Loyalty Programs Forecast: Sunny, But Clouds on the Horizon

Posted on by Dennis Armbruster

Loyalty marketers can view current industry trends like a weather report: though it’s presently warm and sunny, keep an eye on the clouds gathering on the horizon.

loyalty programsU.S. consumers hold 3.3 billion memberships in customer loyalty programs, the highest total in the history of the Colloquy Loyalty Census and a 26% increase since the last report in 2013.

However, although membership numbers are up, active program participation is down by 4.5%. In other words: loyalty program enrollments are at an all-time high, but consumer engagement in those programs has declined.

Looking Good
First, the bright side of the 2015 report. In addition to crossing the 3 billion threshold, the number of loyalty program memberships in the average American household increased to 29, up from 22 just two years ago.

Growth has come from different market segments, or verticals, than previous surveys. Specialty store loyalty memberships, such as Best Buy and The Container Store, have reached 434 million, exceeding airline frequent flyer memberships for the first time, which totaled 356 million. Credit card reward programs still top the retail category with 578 million memberships.

The census revealed further changes across the loyalty landscape in all verticals. Financial services, specialty retail and airlines still account for the majority of memberships, but the fastest expansion came in restaurants and drugstores:

Though a smaller segment, restaurant loyalty program memberships rose 107% to 55 million, building on the 171% growth evidenced in 2013; Drug store membership rose 88% to 268 million, the highest rate of growth of any census category other than restaurant programs; Drug store activation rates rose to 66%, compared to 50% in 2013, while other retail and credit card program activation rates were mostly flat;

Though fuel/convenience store program memberships dropped 3% in 2015, that was an improvement from the 21% decline reported in 2013.

From a sheer statistical standpoint, these numbers look good. Continuing increases—in some cases, significant ones—indicate a high degree of consumer awareness and interest in loyalty programs.

Looming Issues
A longer look at the census numbers, however, indicate that a cold front could be on the way—potentially impacting the current sunny outlook.

The most significant statistic addresses consumer engagement. Although American households held memberships in 29 loyalty programs on average, they were active in just 12 of them (active membership defined as earning or redeeming at least once per year).

This active membership rate of 42% represents a decline of two percentage points since 2013. This lack of engagement translates to decreased interactions and ultimately, sales.

Other “clouds” that industry professionals should watch carefully:

* Memberships in airline frequent flyer loyalty programs declined by 4%, the first decline in the history of the census, and counter to the 14% increase seen in the 2013 report

* Credit care reward program memberships grew at a significantly slower pace—5% in 2015 versus 28% in 2013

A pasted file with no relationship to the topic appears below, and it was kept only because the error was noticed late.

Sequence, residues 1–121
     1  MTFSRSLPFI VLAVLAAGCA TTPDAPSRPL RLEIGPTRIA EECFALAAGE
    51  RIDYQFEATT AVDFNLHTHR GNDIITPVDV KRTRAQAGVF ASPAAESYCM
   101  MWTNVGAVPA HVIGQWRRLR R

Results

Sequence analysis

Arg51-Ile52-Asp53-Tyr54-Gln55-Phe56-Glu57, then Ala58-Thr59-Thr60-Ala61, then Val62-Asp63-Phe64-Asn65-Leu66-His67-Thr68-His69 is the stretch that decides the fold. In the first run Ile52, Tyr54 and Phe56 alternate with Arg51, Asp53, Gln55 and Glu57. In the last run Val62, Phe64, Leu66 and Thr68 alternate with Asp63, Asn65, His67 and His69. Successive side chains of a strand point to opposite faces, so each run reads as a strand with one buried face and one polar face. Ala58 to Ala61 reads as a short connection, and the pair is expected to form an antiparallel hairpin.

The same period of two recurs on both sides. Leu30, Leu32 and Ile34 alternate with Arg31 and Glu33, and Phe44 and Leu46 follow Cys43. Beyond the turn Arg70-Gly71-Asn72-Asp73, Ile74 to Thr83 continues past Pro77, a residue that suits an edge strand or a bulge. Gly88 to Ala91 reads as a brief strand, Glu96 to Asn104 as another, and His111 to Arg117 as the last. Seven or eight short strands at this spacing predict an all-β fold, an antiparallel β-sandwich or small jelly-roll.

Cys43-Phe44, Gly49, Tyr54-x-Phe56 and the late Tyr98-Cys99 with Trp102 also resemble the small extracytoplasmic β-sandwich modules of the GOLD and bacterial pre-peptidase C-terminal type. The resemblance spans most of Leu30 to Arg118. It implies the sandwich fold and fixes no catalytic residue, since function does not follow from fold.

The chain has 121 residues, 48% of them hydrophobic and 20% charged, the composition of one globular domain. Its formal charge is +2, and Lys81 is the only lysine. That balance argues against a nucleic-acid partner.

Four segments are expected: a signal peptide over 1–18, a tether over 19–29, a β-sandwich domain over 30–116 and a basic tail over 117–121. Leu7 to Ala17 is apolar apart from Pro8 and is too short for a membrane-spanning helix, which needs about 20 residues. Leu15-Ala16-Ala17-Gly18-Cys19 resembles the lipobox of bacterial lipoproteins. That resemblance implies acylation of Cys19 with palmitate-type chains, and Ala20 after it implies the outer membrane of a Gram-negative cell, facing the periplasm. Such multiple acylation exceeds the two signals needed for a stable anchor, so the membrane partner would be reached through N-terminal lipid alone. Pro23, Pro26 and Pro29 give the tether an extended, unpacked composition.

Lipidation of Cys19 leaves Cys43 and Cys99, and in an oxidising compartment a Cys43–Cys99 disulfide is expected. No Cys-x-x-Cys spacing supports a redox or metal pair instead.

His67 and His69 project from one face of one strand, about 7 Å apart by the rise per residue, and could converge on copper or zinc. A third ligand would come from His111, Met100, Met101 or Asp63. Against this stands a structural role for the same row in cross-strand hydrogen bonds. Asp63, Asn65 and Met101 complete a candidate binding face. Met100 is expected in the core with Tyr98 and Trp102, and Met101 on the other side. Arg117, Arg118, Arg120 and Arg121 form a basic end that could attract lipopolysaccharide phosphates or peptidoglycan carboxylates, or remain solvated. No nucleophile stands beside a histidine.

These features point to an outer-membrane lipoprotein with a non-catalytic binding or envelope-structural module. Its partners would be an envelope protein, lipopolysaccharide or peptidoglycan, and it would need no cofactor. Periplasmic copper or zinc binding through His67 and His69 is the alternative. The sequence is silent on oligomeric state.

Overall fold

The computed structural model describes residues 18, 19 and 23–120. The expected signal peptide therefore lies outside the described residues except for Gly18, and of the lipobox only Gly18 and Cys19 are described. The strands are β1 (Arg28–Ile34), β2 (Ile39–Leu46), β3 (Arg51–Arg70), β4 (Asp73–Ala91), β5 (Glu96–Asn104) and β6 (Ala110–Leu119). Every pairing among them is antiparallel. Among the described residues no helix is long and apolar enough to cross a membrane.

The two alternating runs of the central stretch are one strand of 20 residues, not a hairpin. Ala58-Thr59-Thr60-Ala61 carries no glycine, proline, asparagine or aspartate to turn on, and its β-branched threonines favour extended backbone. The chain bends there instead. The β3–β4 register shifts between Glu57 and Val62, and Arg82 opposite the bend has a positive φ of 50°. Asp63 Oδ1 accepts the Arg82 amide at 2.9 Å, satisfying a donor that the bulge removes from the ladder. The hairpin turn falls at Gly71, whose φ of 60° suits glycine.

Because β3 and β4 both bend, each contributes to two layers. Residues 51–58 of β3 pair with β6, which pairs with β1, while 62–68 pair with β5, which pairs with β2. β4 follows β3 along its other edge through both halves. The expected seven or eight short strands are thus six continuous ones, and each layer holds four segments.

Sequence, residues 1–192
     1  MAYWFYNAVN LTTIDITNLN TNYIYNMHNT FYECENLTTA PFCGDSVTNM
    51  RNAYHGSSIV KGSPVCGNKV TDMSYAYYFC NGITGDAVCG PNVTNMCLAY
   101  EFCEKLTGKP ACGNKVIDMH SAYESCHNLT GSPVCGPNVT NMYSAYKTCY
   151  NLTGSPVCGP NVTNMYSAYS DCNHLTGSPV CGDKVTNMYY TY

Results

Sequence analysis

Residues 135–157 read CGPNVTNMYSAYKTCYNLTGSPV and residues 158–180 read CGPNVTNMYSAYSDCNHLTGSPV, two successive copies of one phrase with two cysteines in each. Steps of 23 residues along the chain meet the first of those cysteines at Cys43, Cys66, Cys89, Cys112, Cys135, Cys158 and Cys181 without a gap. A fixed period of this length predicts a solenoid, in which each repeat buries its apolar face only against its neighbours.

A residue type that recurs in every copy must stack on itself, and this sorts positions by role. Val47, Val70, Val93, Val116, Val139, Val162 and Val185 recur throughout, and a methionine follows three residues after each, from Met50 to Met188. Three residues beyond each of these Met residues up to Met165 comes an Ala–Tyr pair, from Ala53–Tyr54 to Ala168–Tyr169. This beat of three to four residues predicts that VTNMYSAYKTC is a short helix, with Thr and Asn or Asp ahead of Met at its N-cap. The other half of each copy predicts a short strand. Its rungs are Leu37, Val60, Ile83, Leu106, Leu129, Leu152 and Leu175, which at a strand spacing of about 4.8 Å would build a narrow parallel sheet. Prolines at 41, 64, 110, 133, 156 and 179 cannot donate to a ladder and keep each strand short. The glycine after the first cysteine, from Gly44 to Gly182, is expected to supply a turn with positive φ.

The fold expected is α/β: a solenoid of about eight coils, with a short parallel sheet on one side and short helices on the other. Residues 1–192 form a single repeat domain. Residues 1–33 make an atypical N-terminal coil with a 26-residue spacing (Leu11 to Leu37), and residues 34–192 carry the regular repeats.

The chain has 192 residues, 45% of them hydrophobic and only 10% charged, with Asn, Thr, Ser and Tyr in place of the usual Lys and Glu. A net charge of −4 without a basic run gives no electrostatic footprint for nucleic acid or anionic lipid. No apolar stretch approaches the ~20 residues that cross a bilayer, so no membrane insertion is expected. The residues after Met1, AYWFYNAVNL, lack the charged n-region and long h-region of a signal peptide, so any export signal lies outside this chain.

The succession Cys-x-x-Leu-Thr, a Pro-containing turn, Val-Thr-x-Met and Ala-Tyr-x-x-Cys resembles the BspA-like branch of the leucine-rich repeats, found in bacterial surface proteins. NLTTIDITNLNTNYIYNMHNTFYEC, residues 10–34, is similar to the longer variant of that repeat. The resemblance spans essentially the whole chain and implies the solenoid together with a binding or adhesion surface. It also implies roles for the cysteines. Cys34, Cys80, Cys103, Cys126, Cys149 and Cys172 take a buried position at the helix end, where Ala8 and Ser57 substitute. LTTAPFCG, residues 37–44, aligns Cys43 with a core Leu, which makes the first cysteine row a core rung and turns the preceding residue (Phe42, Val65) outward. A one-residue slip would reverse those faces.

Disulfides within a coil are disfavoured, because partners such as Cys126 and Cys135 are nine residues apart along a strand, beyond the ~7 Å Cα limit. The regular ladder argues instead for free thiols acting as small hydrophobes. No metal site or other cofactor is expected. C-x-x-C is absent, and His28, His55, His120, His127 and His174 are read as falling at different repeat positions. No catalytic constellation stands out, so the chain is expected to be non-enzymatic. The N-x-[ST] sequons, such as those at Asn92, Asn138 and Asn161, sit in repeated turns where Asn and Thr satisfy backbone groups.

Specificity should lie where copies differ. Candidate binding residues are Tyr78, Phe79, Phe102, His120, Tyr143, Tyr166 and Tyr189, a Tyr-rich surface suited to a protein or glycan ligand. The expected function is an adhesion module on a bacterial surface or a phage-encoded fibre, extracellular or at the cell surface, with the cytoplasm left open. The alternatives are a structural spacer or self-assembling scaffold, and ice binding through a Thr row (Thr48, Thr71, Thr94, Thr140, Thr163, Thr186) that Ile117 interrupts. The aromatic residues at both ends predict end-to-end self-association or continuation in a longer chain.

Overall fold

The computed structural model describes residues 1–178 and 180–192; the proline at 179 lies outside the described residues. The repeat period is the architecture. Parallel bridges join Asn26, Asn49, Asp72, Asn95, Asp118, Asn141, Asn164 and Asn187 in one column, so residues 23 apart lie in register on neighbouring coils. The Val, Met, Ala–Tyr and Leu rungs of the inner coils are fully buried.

* Grocery program memberships declined for the second consecutive census, with memberships dropping at twice the rate compared to 2013.

The challenge is clear: now that loyalty marketers have record numbers of consumers “in the door,” they need to take the next step and gain engagement.

Smooth Sailing
To maintain the weather analogy, fulfilling the engagement component of the customer relationship will help keep the dark clouds away and ensure smooth sailing.

In evaluating the census results, here are four key takeaways to create and maintain a best-in-class approach:

  1. Scrutinize, assess and plan—conduct ongoing evaluations to determine what’s working and what isn’t—then revise tactics and adapt plans accordingly.
  2. Approach holistically, not in isolation—seamlessly integrate loyalty marketing activities into efforts to support the overall brand, and make them synonymous with the organization’s value proposition.
  3. Prioritize the overall consumer experience—leverage loyalty data to identify key customer experience elements, and foster interaction and dialog to inform customer experience strategies.
  4. Get highly personal—consumers respond best to relevance, timeliness and high degrees of personalization, all of which should be the ultimate goal of loyalty strategies.

A strategic approach to engagement through loyalty strategies will help companies set themselves apart. Companies that fail to do so are vulnerable to being dumped as customers shed programs that are irrelevant, have mediocre benefits or stale mechanics or simply can’t differentiate their value propositions.

While this can be daunting, it offers the opportunity to raise the game on loyalty programs—to look beyond member acquisition and contribute true value through consumer engagement.

Unlike the weather, loyalty professionals can maintain some control over their environment. A strategic approach to customer engagement will keep the skies—and the balance sheet—looking bright.

Dennis Armbruster is vice president, consulting services LoyaltyOne. He can be reached at darmbruster@loyalty.com.

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